Everest Base Camp and Gokyo Ri trekking is the icon of the Himalaya trekking routes. I first heard about trekking in Nepal at a presentation in Warsaw’s Meridian Zero café at the end of 2017. There was a sentence that went something like this: The Himalayas are not so inaccessible, you just need to want and prepare well. I returned home full of enthusiasm, thinking about the Himalayas. A few days later, on one of the travel groups, I noticed an announcement about going to the Himalayas for trekking to the base under Mount Everest, or Everest Base Camp (EBC) through Lake Gokyo and the peak of Gokyo Ri. Without thinking for a long time, I applied, although the trip was to take place only in 10 months. And among other things, it was as part of the preparations that I started to go to the Tatra Mountains more often and totally loved mountain hiking.
This is the first part of the EBC trekking and Gokyo Ri trekking description (days 1- 7). Second part the post can be find here (days 8 -15).
Everest Base Camp and Himalaya trekking basics
I went to Nepal in October 2018. It was my first trip to Asia. Autumn and spring are the best time for trekking in the Himalayas. In summer, the monsoon can make it difficult for us to hike, and in winter, snow. Trekking takes place in Sagarmatha National Park. I went on the expedition in a group of 8 people together with a guide and 4 porters (each of the porters carried the luggage of 2 people about 10 kilograms). In addition, my backpack weighed about 5-6 kilograms.
Trekking to the base under Mount Everest via Gokyo Ri lasted 15 days (including 2 days breaks for regeneration in the mountains). In the mountains we sleep in lodgs (hostels or hotels for tourists),usually in 2-bed rooms. In most places, you can buy a warm shower, hot water to drink or tea, access to Wi-Fi or access to contactto reload the electronics. Each hostel also has a dining room where we can eat breakfast and lunch / dinner. We can also warm up there by the stove, read or, for example, play cards with travel companions.
Below is a description of the individual days of trek.
Day 1: flight to Lukla and trekking to Phakding
On the first day of trekking we fly from Kathmandu (1340m) to Lukla (2840m) located in the mountains. There is one of the most dangerous airports in the world, because the runway is very short and ends with a clius. The flight takes about half an hour. The most exciting is, of course, the landing combined with prayers for survival. In addition, from the plane we can admire a wonderful view of the Himalayas from a bird’s eye view.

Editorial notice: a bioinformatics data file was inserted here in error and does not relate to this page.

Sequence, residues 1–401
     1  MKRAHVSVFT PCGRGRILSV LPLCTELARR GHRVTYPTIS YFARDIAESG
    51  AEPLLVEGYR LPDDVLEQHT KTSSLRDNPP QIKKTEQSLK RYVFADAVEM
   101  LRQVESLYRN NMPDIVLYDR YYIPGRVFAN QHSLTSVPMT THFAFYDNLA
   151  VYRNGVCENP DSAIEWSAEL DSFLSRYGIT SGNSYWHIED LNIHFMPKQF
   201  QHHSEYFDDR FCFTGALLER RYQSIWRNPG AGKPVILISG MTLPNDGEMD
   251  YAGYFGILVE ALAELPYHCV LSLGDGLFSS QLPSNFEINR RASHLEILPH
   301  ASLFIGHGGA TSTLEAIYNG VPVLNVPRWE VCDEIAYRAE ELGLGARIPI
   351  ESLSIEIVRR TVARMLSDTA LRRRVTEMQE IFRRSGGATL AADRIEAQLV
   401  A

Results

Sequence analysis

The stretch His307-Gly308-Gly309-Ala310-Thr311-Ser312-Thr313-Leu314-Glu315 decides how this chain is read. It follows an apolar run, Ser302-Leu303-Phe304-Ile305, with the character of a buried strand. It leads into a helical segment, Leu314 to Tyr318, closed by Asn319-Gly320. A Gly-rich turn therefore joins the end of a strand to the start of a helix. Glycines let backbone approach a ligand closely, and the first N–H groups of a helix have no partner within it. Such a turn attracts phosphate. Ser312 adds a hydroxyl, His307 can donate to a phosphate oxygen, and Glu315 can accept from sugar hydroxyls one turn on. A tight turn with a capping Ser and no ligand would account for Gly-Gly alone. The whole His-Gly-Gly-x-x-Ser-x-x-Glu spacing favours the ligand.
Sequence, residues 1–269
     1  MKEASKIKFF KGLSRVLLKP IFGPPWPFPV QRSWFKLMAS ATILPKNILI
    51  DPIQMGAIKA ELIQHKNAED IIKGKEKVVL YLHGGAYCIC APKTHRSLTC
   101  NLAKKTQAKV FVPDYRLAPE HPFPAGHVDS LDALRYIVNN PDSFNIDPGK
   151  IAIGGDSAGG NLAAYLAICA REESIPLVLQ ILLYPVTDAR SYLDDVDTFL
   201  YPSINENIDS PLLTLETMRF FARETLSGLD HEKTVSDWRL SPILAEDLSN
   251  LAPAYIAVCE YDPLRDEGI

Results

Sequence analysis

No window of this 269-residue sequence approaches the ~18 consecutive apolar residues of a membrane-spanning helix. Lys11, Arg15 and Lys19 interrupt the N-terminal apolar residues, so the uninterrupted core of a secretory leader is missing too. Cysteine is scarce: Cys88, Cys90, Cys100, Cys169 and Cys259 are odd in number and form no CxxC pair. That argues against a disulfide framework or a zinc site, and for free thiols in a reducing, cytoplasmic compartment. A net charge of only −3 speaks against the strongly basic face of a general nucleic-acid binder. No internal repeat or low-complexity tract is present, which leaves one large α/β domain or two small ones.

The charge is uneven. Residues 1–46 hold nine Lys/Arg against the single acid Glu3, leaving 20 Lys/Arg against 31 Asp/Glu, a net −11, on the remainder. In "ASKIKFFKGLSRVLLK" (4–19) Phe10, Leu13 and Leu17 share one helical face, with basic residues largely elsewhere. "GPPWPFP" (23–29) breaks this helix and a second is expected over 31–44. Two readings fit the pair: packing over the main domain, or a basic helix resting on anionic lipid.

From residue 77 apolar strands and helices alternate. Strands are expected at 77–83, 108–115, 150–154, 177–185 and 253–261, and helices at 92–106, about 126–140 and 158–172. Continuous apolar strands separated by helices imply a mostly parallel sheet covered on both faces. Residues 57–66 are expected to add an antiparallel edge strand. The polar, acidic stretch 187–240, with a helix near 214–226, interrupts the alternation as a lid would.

We go to the airport in the morning, when the conditions are the most stable. The flight takes place in a small plane of a dozen or so people. After a happy landing, we are waiting for the arrival of the second part of the team, which had planned to fly another plane. And we go to explore the village. There are many shops in Lukla, where we can buy the necessary equipment if we have forgotten something. The waiting time is prolonged due to deteriorating weather conditions. We start to worry about whether our friends will join us that day. After all, we still have 4 hours of trekking left. Only in the afternoon, after a few hours of waiting, the plane received the green light for take-off. Our team reunimes and can set off on the Himalayan trail. However, it gets later and later and most of the route is covered in the world, so the headlamps are very useful. After reaching the lodgy, we enjoy a joint dinner and stay in the Himalayas.
Day 2: Phakding – Namche Bazaar
On the second day we have to overcome a large difference in altitude, because Namche Bazaar lies at the level of 3440m. This means an elevation gain of 640m, and the recommended daily height increase is 400m. We move around 8 o’clock, when the sun is already coming out from behind the mountains and the air begins to warm up.
First, the road leads along the mountain stream Dudh Koshi. The landscape is juicy, green. Water clean, rushing. To get to the other side of the creek we have to cross a small hanging bridge suspended several dozen meters above the ground. The first time it is hard, the construction does not look very stable and rocks a lot. However, each subsequent happy overcoming of an obstacle strengthens me in the belief that I will be able to pass.
On the way we pass small villages, in each there are several restaurants and small shops where you can buy a snack or a bottle of water or drink. The sun shines strongly. In the middle of the march, we stop for a break in one of the restaurants to drink the popular Ginger Lemon Honey Tea (tea with a large addition of ginger, honey and lemon), which helps our bodies get used to the increasing height.
On the way we pass a large number of tourists, porters, yaweeks and donkeys carrying luggage and supplies to shelters. October is the peak of the autumn season, the easiest time is to get beautiful weather and cloudless sky. And so in a great procession we go all the way to Namche Bazaar. Just before entering the town, together with a friend, we separate from the group and get lost. After a few dozen minutes of wandering, one of the porters finds us and safely escorts us to the selected hotel.
In Namche Bazaar we stay 2 nights so that the body slowly acclimatizes to the height. Due to the size of the town, Namche is also called the capital of sherpas. It is here that we can make the last purchases of missing equipment, buy fresh buns, medicines or go to a real pub.
Day 3: rest in Namche Bazaar
The next day is devoted to the expedition to the Mount Everest viewpoint. Already the first steps from Namche Bazaar give us the feeling that we are far from sea level. Shortness of breath begins, the pace of the march slows down.